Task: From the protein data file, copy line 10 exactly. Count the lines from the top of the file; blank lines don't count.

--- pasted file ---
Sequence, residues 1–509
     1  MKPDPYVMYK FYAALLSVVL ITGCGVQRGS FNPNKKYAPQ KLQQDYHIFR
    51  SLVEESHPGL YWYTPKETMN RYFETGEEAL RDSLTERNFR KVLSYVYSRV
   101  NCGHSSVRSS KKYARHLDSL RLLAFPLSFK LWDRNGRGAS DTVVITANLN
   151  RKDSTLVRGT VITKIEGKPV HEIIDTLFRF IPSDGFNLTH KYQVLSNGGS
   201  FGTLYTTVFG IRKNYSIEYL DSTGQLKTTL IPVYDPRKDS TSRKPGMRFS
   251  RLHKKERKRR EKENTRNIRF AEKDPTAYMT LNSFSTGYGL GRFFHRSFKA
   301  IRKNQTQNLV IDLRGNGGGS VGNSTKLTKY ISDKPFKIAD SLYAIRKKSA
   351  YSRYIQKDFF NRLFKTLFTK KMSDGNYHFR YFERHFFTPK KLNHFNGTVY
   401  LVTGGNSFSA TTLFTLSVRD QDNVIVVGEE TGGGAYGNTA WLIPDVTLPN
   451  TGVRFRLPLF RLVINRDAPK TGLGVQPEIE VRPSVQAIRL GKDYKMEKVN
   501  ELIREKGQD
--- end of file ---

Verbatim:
   401  LVTGGNSFSA TTLFTLSVRD QDNVIVVGEE TGGGAYGNTA WLIPDVTLPN